I was surprised to learn that Laugharne, Wales is happily celebrating Dylan Thomas’s centenary this month. A small fishing village on Carmarthen Bay, Laugharne is just down the coast from the town of Carmarthen where I spent a semester abroad studying with the poet and Welsh language advocate Raymond Garlick. Though this was about twenty years after Thomas’s death in 1953, most of the locals I knew still remembered and despised Thomas for his notoriously dissolute ways and carefully cultivated English accent. Mrs. James, my landlady, deemed Thomas and his wife Caitlin “disgusting” and Thomas’s famous radio play ‘Under Milkwood’ about Laugharne “a disgrace.”
Thomas spent the summers of his childhood at his aunt’s farm called Fern Hill near Laugharne. He lived in the town off and on as an adult, and moved back there permanently with his wife Caitlin for the last four years of his life. It’s those final years, when both his and Caitlin’s drinking and carousing had reached legendary proportions, that seem to have turned law-abiding Christians in the area like my landlady against him.
So I was taken aback to read in a recent story in the New York Times that Laugharne and Wales are proudly reclaiming Thomas as their own. The mayor of Laugharne has put together “A Dylan Thomas Birthday Walk” which guides visitors to important literary Thomas landmarks in Laugharne, including Brown’s pub where the poet used to drink. My landlady must be turning over her in grave. For I fear that that’s where she and so many others who hated Thomas are now residing. The anger people used to harbor regarding Thomas’s bad behavior has been superceded by the opportunity to cash in on it. Those who actually knew him are no longer around to protest. People forget. And time holds us all “in the mercy of his means” as Thomas himself knew so well.
Click here to listen to Dylan Thomas reading Fern Hill: https://www.youtube.com/watch?v=8XG1B_7r4y8Fern Hill Dylan Thomas, 1914 – 1953 Now as I was young and easy under the apple boughs About the lilting house and happy as the grass was green, The night above the dingle starry, Time let me hail and climb Golden in the heydays of his eyes, And honoured among wagons I was prince of the apple towns And once below a time I lordly had the trees and leaves Trail with daisies and barley Down the rivers of the windfall light. And as I was green and carefree, famous among the barns About the happy yard and singing as the farm was home, In the sun that is young once only, Time let me play and be Golden in the mercy of his means, And green and golden I was huntsman and herdsman, the calves Sang to my horn, the foxes on the hills barked clear and cold, And the sabbath rang slowly In the pebbles of the holy streams. All the sun long it was running, it was lovely, the hay Fields high as the house, the tunes from the chimneys, it was air And playing, lovely and watery And fire green as grass. And nightly under the simple stars As I rode to sleep the owls were bearing the farm away, All the moon long I heard, blessed among stables, the nightjars Flying with the ricks, and the horses Flashing into the dark. And then to awake, and the farm, like a wanderer white With the dew, come back, the cock on his shoulder: it was all Shining, it was Adam and maiden, The sky gathered again And the sun grew round that very day. So it must have been after the birth of the simple light In the first, spinning place, the spellbound horses walking warm Out of the whinnying green stable On to the fields of praise. And honoured among foxes and pheasants by the gay house Under the new made clouds and happy as the heart was long, In the sun born over and over, I ran my heedless ways, My wishes raced through the house high hay And nothing I cared, at my sky blue trades, that time allows In all his tuneful turning so few and such morning songs Before the children green and golden Follow him out of grace, Nothing I cared, in the lamb white days, that time would take me Up to the swallow thronged loft by the shadow of my hand, In the moon that is always rising, Nor that riding to sleep I should hear him fly with the high fields And wake to the farm forever fled from the childless land. Oh as I was young and easy in the mercy of his means, Time held me green and dying Though I sang in my chains like the sea.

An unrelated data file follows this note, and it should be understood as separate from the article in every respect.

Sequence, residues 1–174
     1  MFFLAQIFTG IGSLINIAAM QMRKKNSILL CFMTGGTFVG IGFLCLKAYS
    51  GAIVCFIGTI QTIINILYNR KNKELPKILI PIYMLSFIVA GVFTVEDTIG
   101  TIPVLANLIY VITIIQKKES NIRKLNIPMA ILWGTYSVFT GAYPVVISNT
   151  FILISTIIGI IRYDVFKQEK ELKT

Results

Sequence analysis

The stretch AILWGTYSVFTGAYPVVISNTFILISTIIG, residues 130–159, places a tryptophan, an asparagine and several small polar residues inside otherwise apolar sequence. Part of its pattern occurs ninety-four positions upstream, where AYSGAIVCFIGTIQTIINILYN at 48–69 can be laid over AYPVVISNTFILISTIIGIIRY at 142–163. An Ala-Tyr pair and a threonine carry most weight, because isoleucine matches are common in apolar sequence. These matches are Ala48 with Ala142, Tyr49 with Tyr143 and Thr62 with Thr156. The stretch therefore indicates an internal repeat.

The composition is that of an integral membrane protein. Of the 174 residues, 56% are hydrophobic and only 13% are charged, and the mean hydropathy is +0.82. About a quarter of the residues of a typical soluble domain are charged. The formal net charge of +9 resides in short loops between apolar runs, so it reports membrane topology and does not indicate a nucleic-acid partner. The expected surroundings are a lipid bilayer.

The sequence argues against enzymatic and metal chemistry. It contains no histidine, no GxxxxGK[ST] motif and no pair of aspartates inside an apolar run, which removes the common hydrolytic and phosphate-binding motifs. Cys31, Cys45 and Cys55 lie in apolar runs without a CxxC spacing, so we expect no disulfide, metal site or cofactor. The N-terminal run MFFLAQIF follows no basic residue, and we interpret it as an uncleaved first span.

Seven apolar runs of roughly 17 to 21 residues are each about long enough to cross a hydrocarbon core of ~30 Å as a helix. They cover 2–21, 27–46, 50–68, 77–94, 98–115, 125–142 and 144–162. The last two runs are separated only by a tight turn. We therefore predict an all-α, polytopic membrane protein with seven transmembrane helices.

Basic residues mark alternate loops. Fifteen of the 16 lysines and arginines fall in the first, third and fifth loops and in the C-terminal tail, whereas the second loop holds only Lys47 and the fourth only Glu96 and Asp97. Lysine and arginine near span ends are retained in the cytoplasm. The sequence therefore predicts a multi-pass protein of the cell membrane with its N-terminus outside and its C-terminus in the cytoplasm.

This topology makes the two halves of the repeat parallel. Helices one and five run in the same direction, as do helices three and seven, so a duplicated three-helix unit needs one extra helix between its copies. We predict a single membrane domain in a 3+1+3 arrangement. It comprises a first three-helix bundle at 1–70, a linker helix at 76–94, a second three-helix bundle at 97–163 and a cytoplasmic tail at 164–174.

Wow! To hear Thomas read is fantastic. I was never a lover of poetry — and it is still not my favorite form — until I took a class a Michigan with Donald Hall. Not only was he an amazing poet and teacher, but his poetry readings were truly spell bounding. You can’t help but love it, when you hear it.
How lucky of you to have taken a class with Donald Hall! It’s so true about having poems read aloud, Susan. There are many poets I don’t really understand until I hear their work. Also, especially with someone like Dylan Thomas, you can then hear the music in the words which is harder to get on the printed page.